Whether you're picking your vegetables from a garden patch or choosing them at the supermarket, there is a world of difference in taste and nutrient retention between poorly cooked and properly cooked vegetables.
And now, as more and more studies show a stronger link between vitamins and nutrients and better health, vegetables have taken on even greater importance. Our recipes use the best cooking methods for the best-tasting recipes.
Top 10 new vegetables
Some of these vegetables are really new; some of them are vegetables that have fallen out of favour in the past but are now being seen in a new light.
1. Blue potatoes: First there was blue corn, now there are blue potatoes. They look weird but taste basically the same as regular potatoes. Mashed, they look, well, unusual. Cube them along with regular potatoes for extra colour in a salad. Tip: For even more colourful fun, boil white potatoes in beet juice.
2. Crociferous vegetables: This group includes cabbage, broccoli, brussels sprouts and cauliflower. These have received special attention in the past few years because studies have shown that they can be effective in reducing the risk of certain forms of stomach and intestinal cancer. Try broccoflower, a cauliflower-broccoli hybrid, which cooks more quickly and has a milder taste than cauliflower.
3. Dandelions: Instead of destroying these weeds, try eating them. Rich in vitamins and mineral salts, dandelions can be shredded into a salad or boiled lightly and served like spinach. Choose tender, young plants.
4. Beet greens: Get a nutritional bonus from fresh beet greens: they are an excellent source of beta-carotene, calcium and iron.
5. Fennel: It looks like celery but has a mild, sweet flavour reminiscent of licorice. Low in calories, fennel contains vitamins A and C, along with small amounts of calcium, iron and magnesium. Serve fennel as you would celery: raw and crunchy is best, but you can also sauté it.
6. Legumes: The best plant source of protein, legumes are edible seeds enclosed in pods. They are also well stocked with complex carbohydrates, B vitamins, zinc, potassium, magnesium, calcium, iron, folate and fibre. Don't stop at the familiar kidney bean either. Try fresh fava beans (broad beans), which have a buttery flavour and mealy texture; nutty cranberry beans are great in casseroles, chilies and soups; chickpeas and lentils have a very firm texture and are suitable for salads and soups, or to toss with pasta. Get a little adventurous and experiment with mung beans, black beans and lima beans, too.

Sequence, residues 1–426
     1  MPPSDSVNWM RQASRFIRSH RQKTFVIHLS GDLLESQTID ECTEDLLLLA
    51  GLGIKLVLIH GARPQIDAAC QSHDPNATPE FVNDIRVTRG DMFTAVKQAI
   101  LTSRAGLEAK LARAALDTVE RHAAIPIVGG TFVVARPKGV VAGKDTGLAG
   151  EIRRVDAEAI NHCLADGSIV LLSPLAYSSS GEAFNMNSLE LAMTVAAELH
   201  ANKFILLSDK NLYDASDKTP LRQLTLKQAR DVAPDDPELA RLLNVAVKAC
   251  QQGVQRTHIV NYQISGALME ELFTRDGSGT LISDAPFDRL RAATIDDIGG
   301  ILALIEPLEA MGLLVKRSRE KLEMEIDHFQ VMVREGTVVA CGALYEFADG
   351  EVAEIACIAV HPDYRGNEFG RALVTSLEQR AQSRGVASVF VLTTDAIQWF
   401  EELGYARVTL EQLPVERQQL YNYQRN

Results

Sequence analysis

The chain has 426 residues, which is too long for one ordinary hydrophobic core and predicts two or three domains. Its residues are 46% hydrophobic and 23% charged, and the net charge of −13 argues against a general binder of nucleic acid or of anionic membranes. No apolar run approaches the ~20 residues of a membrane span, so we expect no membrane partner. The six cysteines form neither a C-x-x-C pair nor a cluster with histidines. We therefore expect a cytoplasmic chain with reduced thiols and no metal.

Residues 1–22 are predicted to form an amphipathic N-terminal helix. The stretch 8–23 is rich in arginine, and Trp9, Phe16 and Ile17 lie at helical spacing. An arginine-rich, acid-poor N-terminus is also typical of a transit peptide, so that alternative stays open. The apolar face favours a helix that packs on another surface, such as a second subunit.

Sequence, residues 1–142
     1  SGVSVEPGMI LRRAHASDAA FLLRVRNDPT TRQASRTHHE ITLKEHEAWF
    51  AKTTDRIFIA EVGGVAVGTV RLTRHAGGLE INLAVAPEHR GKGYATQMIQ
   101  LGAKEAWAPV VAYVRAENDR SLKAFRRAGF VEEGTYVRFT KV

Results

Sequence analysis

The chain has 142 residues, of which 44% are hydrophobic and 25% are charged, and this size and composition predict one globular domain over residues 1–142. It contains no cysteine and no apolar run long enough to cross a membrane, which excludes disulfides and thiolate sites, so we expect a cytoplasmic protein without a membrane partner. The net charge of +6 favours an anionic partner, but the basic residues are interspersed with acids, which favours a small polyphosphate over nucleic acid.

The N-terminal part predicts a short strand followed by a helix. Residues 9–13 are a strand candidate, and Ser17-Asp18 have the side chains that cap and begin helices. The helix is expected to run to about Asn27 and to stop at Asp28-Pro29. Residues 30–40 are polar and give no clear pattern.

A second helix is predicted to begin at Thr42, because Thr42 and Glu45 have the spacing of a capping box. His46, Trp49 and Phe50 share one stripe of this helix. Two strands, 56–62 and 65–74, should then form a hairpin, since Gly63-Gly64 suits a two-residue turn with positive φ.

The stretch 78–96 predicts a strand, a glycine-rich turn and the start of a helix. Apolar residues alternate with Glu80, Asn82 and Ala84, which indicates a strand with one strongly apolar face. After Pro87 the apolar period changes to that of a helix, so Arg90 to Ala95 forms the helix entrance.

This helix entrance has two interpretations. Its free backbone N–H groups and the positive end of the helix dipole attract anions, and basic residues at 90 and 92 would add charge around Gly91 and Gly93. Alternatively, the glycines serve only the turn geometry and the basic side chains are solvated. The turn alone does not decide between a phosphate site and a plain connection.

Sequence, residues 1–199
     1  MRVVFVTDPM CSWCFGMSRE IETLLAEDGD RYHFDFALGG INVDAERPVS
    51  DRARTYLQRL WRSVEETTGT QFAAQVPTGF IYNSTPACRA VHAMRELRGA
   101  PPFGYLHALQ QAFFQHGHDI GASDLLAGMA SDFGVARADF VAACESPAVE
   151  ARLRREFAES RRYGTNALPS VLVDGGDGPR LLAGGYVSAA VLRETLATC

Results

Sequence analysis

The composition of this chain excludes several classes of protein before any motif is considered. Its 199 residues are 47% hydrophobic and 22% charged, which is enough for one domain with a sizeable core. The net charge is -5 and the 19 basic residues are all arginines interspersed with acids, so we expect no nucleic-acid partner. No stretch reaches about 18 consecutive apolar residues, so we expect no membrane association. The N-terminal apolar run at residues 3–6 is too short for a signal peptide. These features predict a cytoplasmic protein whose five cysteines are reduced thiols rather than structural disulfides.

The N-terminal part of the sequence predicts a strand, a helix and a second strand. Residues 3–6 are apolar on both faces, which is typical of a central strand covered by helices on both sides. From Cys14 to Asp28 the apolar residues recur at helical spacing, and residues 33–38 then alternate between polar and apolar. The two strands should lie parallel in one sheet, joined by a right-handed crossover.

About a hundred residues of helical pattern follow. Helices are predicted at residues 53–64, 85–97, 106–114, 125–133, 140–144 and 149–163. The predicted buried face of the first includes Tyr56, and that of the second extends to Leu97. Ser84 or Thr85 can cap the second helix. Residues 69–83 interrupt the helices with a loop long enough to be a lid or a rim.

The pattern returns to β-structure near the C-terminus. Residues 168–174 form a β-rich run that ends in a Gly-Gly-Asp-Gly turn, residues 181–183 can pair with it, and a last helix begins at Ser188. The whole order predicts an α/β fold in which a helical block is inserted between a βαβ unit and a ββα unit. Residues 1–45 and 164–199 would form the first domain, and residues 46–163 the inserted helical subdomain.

7. Peppers: The most surprising feature of these vegetables is how nutrient-dense they really are. They are excellent sources of many essential nutrients, especially vitamin C. One sweet green pepper has more vitamin C than a medium orange. Sweet red peppers have even more, plus a healthy dose of beta-carotene. Now available in rainbow colours — the latest pick is bright orange.
8. Tomatoes: Check out new yellow and orange varieties, and tiny cherry and pear tomatoes. While tomatoes are not as high in nutrients as some other vegetables, they are a leading vegetable source of vitamin C because we eat so many of them.
9. Leafy greens: These include spinach, rappini, Swiss chard and collards. They contain fibre, various minerals (including iron and calcium), beta-carotene, vitamin C and other substances that may protect against certain types of cancer. Whenever possible, use the cooking liquid from greens in a sauce, add it to a soup or use it as the base for a vegetable stock; a significant percentage of the nutrients will be leached out into the water. Try growing red Swiss chard in your garden — it's packed with nutrients and is easy to grow.
10. Chinese greens: Among the newest specialties are ethnic greens, now becoming more widely available. In general they are an important source of calcium for vegans. Two servings (7 oz/200 g) of Chinese cabbage (bok choy, for example) provide the same amount of calcium as 1 cup (250 mL) of milk. Napa and bok choy, Chinese cabbages, are delicious in salads and slaws.
Best ways to cook your vegetables
• Vitamin C is water-soluble and heat-sensitive. Therefore, cook vegetables for as short a time as possible. When cooking in water, have the water boiling before you add the vegetables. This is true for all vegetables, including root vegetables such as potatoes.
• Use cooking methods that use a small amount of liquid or none at all, such as steaming or microwaving, to conserve nutrients. One recent study suggests that microwaving is the best way to preserve nutrients: foods microwaved in a 1,700-watt oven retained almost 75 per cent more vitamin C than when boiled.
• When stir-frying vegetables, cut down on fats, substituting stock or juices for some of the fat.